One of the bills within the expungement bill package, titled the automatic set aside, will allow 2 felony convictions and 4 misdemeanor convictions during an individual’s lifetime to be set aside without filing an application if the individual has completed any term of imprisonment, have no criminal charges pending against them, and have not been convicted of any criminal offense during the applicable time period. An individual is not eligible for automatic expungement if they have more than 1 convictions for an assaultive crime. And assaultive crimes, crimes of dishonesty, and other serious crimes are not eligible to be automatically set aside.
The opportunity to clean a criminal record will not be available to people who are serving or have served a sentence for felony convictions of a felony resulting in the maximum punishment of life imprisonment, a violation or attempted violation of criminal sexual conduct, operating while intoxicated, traffic offense that causes injury or death, any traffic offense committed by an individual with an endorsement on their operator’s license to operate a motor vehicle, a felony conviction of domestic violence, human trafficking, or terrorism.
In cases of marihuana convictions an individual may apply to have one or more misdemeanor marihuana convictions expunged from their state and local record, so long as the misdemeanors fall within the criterion of not constituting as a crime after December 6, 2018 (the recreational marihuana act effective date). Further instructions to apply for expungement of multiple marihuana convictions can be answered by local courts.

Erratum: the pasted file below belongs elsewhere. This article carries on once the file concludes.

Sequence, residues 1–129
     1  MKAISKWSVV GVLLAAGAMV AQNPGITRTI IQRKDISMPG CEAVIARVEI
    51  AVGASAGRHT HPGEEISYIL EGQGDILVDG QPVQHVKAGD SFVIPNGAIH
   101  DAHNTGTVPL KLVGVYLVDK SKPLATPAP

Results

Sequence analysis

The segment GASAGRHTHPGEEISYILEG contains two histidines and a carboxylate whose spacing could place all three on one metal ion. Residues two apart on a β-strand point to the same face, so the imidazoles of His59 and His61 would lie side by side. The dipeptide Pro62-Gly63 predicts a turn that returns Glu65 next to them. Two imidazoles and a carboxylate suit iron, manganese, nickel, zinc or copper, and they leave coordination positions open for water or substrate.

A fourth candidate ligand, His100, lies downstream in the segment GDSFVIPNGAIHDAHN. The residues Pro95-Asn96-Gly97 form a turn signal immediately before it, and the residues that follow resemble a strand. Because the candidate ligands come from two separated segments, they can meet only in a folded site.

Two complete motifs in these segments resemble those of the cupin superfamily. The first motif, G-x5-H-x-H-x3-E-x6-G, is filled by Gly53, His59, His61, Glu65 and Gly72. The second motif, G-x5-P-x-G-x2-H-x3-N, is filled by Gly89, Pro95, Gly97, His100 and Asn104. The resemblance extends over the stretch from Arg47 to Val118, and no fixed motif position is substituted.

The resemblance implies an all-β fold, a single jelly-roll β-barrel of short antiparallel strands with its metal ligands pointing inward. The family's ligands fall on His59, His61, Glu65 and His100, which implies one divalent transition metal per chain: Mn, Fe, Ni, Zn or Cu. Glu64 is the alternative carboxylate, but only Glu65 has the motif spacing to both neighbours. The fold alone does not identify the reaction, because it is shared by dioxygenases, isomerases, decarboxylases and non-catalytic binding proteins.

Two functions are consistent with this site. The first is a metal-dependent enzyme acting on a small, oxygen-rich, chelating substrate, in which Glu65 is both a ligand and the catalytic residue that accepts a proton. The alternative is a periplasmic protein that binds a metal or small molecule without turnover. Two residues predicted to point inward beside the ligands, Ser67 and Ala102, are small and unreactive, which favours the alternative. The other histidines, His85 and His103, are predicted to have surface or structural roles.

In cases where an individual has three felony convictions they may apply to have all three conviction expunged. An applicant may not have more than a total of two convictions for assaultive crimes. An applicant may not have one or more of the same felony offense if the sentence is punishable by more than ten years.
Part of the expungement bill package also establishes “one bad night” offenses which allow more than one felony or misdemeanor offenses to be treated as a single felony or misdemeanor conviction if they occurred within a 24-hour period and arose out of the same transaction. Crimes that will be excluded from being eligible to be combined are an assaultive crime, a crime involving the possession of a dangerous weapon, a crime with a maximum penalty of ten years or more imprisonment, and any crime committed in a different jurisdiction that would be considered an assaultive crime if committed in Michigan.
The need for criminal justice reform in Michigan has been a topic of surprising bipartisanship in Lansing and the broader political landscape for the last several years. This bill package is an excellent step towards keeping citizens out of jail and stabilizing communities that have been negatively impacted by past criminal justice philosophies that emphasized punishment over understanding and second-chances. This is why I held a Community Conversation at the Ypsilanti Community and Senior Center about the proposed expungement bills. There I had invited State Representative Tenisha Yancey and the lead sponsor of the expungement bill package State Representative David LaGrand to speak about the effects of this bill package for our friends and neighbors who will be positively affected. The Community Conversation was a tremendous success and I hope to be hosting similar events in the future.